Feeling indebted to Magnet for her flight and accommodation in the UK, Anne nevertheless signed a contract with Magnet, for which she got £3,000. Interestingly, sales for 'Hurt So Good' were excluded from this arrangement, and Anne soon found that her air fare, hotel accommodation, food and clothes were all deductible from this payment, so she ended up indebted to Magnet.

Pete Waterman wasn't so unlucky. For his pains Magnet bought him a new Jaguar, and he began his mercurial rise to the top, on the back of a song that inexperienced Alison Anne Cadogan had sung at the Black Ark almost a year before. Magnet told Anne that she didn't need a car as she couldn't drive... The £3,000 she received from Magnet would be the only money she would get from 'Hurt So Good' until its re-release in 1998, and incredible 24 years afterwards.

In June 1975 Anne was summoned to a meeting at Magnet to discuss who had rights to the hit. Alone she was faced with the Magnet legal team, Perry and his lawyer, DIP and their lawyer, and even a representative from Warner Brothers who owned rights to the song. The outcome was to order Susan to record material with Pete Waterman. Waterman's unerring pop sensibilities (or vibrations from outer space) directed him to accompany Anne on a version of 'Would You Like To Swing On A Star With Me' to the backing of the London Symphony Orchestra. To everyone's great surprise, this didn't become a hit...

Perry, on the other hand, waited until the Magnet debacle was over to release the material he and anne had recorded. 'Susan Cadogan' finally surfaced in the UK in November 1977. Only the single 'Nice and Easy', with backing from Jimmy Riley, ever got anywhere. Eventually Anne dumped the name Susan, and went back to work at the Library. Pete Waterman emerged to become one of the powers behind the rise of such 'talents' as Kylie Minogue, Jason Donovan and Rick Astley in the '80's.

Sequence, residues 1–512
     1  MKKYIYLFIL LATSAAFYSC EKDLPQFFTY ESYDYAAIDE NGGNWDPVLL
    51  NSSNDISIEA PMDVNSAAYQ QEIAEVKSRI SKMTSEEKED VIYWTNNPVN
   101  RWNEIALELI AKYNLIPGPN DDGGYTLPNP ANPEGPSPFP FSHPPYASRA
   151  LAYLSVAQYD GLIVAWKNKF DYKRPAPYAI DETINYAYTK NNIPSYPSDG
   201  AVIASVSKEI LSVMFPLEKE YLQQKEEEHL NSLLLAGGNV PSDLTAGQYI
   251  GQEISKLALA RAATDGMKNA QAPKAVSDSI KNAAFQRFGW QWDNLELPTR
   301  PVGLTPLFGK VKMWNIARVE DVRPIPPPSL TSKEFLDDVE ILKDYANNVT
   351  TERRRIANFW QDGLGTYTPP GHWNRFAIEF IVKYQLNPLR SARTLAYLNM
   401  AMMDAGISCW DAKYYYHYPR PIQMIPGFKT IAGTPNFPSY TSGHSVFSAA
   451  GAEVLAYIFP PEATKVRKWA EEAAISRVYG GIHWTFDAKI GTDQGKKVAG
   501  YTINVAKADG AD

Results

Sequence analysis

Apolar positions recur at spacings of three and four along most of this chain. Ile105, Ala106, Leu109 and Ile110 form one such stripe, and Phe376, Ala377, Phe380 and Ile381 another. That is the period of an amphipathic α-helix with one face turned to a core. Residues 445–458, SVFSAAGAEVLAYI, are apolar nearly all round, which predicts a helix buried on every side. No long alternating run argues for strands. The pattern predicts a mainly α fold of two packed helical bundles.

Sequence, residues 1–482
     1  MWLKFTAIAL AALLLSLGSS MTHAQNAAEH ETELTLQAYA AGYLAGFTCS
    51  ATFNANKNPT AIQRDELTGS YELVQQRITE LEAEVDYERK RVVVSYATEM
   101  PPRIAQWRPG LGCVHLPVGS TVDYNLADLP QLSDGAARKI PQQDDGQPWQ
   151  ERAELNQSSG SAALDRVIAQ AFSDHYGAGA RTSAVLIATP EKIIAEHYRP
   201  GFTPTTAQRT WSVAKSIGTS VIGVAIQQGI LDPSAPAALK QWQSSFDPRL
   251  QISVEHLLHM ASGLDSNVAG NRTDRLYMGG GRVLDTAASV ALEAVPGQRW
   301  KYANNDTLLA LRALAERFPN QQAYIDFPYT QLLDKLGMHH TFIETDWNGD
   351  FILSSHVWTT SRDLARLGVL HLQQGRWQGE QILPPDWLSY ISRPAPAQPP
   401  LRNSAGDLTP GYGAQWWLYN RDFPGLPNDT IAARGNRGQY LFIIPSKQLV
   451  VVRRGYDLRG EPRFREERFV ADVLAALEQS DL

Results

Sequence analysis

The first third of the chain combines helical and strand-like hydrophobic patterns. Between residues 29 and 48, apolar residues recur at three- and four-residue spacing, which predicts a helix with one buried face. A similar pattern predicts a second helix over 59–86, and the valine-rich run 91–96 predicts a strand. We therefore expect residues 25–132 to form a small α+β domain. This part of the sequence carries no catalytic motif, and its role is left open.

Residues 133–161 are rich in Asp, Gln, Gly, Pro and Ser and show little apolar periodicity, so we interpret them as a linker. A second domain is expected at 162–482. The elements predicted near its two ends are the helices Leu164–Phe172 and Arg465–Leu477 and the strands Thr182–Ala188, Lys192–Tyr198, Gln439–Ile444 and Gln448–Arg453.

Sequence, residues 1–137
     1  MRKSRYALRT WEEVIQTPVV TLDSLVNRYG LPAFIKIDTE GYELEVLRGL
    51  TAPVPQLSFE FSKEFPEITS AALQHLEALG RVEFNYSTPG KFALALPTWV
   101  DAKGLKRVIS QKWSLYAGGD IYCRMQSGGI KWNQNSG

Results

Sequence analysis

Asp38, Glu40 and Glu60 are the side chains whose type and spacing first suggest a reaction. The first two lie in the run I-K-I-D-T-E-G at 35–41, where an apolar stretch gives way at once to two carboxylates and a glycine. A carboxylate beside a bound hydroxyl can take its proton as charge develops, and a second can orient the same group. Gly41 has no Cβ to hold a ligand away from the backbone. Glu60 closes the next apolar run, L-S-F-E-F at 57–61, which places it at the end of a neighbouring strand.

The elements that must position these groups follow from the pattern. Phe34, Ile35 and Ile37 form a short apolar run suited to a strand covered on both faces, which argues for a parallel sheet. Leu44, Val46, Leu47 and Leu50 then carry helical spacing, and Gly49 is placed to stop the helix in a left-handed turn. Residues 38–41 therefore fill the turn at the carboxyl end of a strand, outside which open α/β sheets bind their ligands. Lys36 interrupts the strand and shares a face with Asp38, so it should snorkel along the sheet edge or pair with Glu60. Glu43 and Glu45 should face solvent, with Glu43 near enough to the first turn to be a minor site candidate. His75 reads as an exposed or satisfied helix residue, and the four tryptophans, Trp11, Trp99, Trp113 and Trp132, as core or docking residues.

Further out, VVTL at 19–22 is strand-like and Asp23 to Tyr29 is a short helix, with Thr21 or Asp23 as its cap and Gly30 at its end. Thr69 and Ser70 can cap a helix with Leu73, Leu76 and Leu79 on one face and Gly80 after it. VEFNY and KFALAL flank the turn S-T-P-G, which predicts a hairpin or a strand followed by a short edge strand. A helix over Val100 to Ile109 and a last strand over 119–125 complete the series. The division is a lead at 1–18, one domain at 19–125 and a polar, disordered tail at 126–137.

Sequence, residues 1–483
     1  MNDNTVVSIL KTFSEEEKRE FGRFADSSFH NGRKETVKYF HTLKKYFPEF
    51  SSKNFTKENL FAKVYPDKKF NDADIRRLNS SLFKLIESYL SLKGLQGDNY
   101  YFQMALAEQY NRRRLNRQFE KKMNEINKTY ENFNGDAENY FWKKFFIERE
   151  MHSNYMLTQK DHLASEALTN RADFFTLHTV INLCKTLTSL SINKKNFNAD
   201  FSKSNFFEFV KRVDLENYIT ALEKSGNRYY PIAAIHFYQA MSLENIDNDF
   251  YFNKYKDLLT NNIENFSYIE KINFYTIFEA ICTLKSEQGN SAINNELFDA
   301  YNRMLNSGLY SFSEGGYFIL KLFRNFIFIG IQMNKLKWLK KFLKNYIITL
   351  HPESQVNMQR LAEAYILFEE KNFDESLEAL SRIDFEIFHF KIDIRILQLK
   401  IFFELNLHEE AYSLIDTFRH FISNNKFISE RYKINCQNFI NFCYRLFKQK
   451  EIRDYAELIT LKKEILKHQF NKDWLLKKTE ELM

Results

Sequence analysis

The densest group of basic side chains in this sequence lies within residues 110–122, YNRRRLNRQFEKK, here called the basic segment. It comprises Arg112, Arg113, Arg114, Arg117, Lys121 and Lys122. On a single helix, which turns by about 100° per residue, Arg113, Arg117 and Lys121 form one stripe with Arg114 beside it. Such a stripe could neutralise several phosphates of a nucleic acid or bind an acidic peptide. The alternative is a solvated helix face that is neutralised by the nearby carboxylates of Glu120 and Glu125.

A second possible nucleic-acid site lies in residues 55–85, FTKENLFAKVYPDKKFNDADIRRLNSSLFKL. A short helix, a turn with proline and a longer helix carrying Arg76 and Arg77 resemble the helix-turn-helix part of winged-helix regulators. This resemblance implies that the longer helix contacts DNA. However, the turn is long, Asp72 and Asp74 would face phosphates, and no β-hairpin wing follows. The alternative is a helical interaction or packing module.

This sad tale has a sort of happy ending - Anne still likes to sing, and once in a while can be found leaving her desk and going on stage with the likes of Toots Hibbert and Boris Gardiner in her Jamaican homeland. And God's blessing on her.

KoB won't post 'Hurt So Good,' but one of Alison Anne Cadogan's other Lee Perry tracks, the sublime 'Nice And Easy,' a smooth slice of reggae, easy on the ear and gladdening to the heart. Ladies and Gentlemen, for your enjoyment:
Susan Cadogan: Nice and Easy (1975) [mp3 | 03:17 mins | 192 kbps | 4.62 MB]

Buy "Hurt So Good" by Susan Cadogan from Amazon
File under: Music Industry Exploitation

[Click on the link and you’ll be taken to rapidshare where you can download the track. First come first served people, only 10 days allowed! If you like the music, please support the artist]

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P.S. - Much of the material for this feature on Susan Cadogan was gleaned from the indispensible guide to Lee Perry and the Black Ark, David Katz' 'People Funny Boy; the Genius of Lee "Scratch" Perry.' Buy It!!!